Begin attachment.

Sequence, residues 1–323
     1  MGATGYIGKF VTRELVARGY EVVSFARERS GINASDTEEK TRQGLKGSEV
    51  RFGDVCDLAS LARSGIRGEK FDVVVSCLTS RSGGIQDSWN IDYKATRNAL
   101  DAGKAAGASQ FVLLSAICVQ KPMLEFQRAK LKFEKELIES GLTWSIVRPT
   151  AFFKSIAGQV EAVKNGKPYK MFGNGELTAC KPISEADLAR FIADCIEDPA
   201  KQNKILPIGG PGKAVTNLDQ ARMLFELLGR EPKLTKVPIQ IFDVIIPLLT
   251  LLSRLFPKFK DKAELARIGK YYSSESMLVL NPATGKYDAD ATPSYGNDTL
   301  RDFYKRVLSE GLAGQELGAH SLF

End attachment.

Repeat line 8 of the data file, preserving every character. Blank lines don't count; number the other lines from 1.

   301  RDFYKRVLSE GLAGQELGAH SLF